FCC tells ABC: No ifs, ands or butts


An episode of NYPD Blue first aired in February 2003 has resulted in an FCC fine meted out to 52 ABC-affiliated television stations. Language was not a problem, but footage of a woman about to enter a shower was. Each station was hit for 27.5K, for a total addition to the US Treasury of 1.43M, assuming the Notice of Apparent Liability moves forward to a full-flegeded forfeiture.

The stations participating in the hit are all in the Central and Mountain time zones. The program aired in the safe harbor 10PM time slot in the Eastern and Pacific zones. Only two ABC/Disney O&Os turned up in the FCC’s net, WLS-TV Chicago and KTRK-TV Houston.

The offending footage showed a rear-view of a naked woman, with brief side views of her breasts (the FCC’s full description is available under the click below). ABC contended that buttocks are "not a sexual organ," but the FCC countered that its position was supported by case law and common sense.

ABC also argued that there were relatively few complaints about the program, but the FCC countered that while ABC itself may not have been inundated, the FCC received "thousands of letters from members of various citizen advocacy groups."

One of those groups was certainly the Parents Television Council. "We are thankful that the FCC has finally taken a stand for children and families with this unanimous order," said PTC’s Tim Winter. "The delay in getting here has been frustrating, but we are delighted by the decision. PTC members and concerned citizens across the country spoke out against the nudity in the 2003 episode of NYPD Blue and today their pleas have been answered."

FCC Commissioner Deborah Taylor Tate weighed in on the NAL. "Our action today should serve as a reminder to all broadcasters that Congress and American families continue to be concerned about protecting children from harmful material and that the FCC will enforce the laws of the land vigilantly," she said. "In fact, pursuant to the Broadcast Decency Act of 2005, Congress increased the maximum authorized fines ten-fold. The law is simple. If a broadcaster makes the decision to show indecent programming, it must air between the hours of 10 PM and 6 AM. This is neither difficult to understand nor burdensome to implement."

RBR/TVBR observation: Interesting timing here. This incident occurred almost exactly a year before Janet Jackson introduced a whole new level of toxicity into the indecency debate during the Super Bowl halftime show. Why did it take four years for the FCC to get around to it, when it could’ve been dealt in the relative quiet of 2003? And why do the opinions of even a million advocacy group members outweigh the opinions of many millions more who didn’t seem to find any problem with the footage in question, as ill-advised as it seems in the post Jackson-Timerlake world? It NAL also is released after the FCC made it through all of 2007 without issuing a single penny in indecency NALs, and while the Supreme Court mulls giving a listen to the FCC’s struck-down fleeting expletive case.

FCC description of offending scene
Here, in the Commission’s words, is the portion of the program the FCC found objectionable:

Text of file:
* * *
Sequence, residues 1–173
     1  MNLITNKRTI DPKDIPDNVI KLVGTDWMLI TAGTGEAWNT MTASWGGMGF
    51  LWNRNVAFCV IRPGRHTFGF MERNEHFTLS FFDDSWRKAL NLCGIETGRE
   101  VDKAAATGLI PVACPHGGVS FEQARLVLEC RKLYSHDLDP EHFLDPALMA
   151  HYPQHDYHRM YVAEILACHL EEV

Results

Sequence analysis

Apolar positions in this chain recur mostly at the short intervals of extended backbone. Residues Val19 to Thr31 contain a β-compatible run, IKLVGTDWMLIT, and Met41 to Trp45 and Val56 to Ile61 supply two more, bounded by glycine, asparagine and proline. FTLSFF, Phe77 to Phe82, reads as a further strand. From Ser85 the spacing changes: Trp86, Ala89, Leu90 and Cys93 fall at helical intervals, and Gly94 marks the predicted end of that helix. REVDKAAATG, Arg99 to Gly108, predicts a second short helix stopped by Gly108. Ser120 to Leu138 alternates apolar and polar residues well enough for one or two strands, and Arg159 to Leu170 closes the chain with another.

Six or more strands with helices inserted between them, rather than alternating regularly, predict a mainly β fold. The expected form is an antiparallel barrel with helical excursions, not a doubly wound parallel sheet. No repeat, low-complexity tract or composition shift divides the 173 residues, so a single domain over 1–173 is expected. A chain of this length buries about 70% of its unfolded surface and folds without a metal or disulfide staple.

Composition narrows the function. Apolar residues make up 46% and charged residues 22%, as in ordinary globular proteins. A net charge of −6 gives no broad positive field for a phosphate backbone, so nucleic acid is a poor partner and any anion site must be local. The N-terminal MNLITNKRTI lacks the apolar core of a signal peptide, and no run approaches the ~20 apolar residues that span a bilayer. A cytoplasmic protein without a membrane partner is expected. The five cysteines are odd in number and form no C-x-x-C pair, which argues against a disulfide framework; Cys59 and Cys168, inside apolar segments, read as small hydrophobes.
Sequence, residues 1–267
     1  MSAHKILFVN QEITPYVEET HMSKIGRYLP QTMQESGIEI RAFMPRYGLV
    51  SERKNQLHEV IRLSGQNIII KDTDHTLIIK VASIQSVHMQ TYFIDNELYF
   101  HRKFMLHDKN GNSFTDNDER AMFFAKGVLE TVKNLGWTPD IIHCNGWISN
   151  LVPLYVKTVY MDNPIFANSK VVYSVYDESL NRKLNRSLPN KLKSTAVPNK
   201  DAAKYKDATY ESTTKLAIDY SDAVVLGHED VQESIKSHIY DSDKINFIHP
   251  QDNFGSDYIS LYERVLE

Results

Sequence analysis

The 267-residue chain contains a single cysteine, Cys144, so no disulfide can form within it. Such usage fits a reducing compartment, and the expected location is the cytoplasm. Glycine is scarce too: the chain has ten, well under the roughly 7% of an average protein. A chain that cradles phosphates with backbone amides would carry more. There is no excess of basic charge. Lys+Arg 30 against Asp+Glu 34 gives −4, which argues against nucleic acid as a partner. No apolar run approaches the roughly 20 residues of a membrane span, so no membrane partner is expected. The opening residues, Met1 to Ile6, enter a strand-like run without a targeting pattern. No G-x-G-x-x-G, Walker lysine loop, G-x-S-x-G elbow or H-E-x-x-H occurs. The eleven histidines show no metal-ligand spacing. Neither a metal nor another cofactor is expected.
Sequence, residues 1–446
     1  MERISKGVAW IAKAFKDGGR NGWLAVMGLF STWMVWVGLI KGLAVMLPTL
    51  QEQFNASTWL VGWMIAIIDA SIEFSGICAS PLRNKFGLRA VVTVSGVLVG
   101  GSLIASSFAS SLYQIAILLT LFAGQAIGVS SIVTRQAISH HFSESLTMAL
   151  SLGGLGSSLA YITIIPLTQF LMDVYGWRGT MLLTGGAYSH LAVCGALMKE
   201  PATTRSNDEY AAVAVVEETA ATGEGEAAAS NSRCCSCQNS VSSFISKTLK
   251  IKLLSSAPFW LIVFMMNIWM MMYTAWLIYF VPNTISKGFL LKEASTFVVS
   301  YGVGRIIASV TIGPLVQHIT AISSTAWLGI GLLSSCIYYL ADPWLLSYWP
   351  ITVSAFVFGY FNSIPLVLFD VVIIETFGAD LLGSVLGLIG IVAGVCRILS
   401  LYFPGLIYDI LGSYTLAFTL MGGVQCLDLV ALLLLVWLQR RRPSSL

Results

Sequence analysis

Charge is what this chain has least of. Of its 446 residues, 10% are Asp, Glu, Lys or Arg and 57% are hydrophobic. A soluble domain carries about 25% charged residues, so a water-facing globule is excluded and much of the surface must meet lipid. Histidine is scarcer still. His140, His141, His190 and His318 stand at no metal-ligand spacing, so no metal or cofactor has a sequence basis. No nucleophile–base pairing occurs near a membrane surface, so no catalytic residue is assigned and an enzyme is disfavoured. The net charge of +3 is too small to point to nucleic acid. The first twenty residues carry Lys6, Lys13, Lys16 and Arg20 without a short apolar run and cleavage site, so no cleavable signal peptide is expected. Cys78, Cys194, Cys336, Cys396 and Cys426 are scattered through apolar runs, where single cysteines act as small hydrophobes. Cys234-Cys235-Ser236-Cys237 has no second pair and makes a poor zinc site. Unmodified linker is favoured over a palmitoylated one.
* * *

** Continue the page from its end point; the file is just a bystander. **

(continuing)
The complaints refer to a scene at the beginning of the program, during which a woman and a boy, who appears to be about seven or eight years old, are involved in an incident that includes adult female nudity. As confirmed by a tape of the program provided by ABC, during the scene in question, a woman wearing a robe is shown entering a bathroom, closing the door, and then briefly looking at herself in a mirror hanging above a sink. The camera then shows her crossing the room, turning on the shower, and returning to the mirror. With her back to the camera, she removes her robe, thereby revealing the side of one of her breasts and a full view of her back. The camera shot includes a full view of her buttocks and her upper legs as she leans across the sink to hang up her robe. The camera then tracks her, in profile, as she walks from the mirror back toward the shower. Only a small portion of the side of one of her breasts is visible. Her pubic area is not visible, but her buttocks are visible from the side.
The scene shifts to a shot of a young boy lying in bed, kicking back his bed covers, getting up, and then walking toward the bathroom. The camera cuts back to the woman, who is now shown standing naked in front of the shower, her back to the camera. The frame consists initially of a full shot of her naked from the back, from the top of her head to her waist; the camera then pans down to a shot of her buttocks, lingers for a moment, and then pans up her back. The camera then shifts back to a shot of the boy opening the bathroom door. As he opens the door, the woman, who is now standing in front of the mirror with her back to the door, gasps, quickly turns to face the boy, and freezes momentarily. The camera initially focuses on the woman’s face but then cuts to a shot taken from behind and through her legs, which serve to frame the boy’s face as he looks at her with a somewhat startled expression. The camera then jumps to a front view of the woman’s upper torso; a full view of her breasts is obscured, however, by a silhouette of the boy’s head and ears. After the boy backs out of the bathroom and shuts the door, the camera shows the woman facing the door, with one arm and hand covering her breasts and the other hand covering her pubic area. The scene ends with the boy’s voice, heard through the closed door, saying "sorry," and the woman while looking embarrassed, responds, "It’s okay. No problem."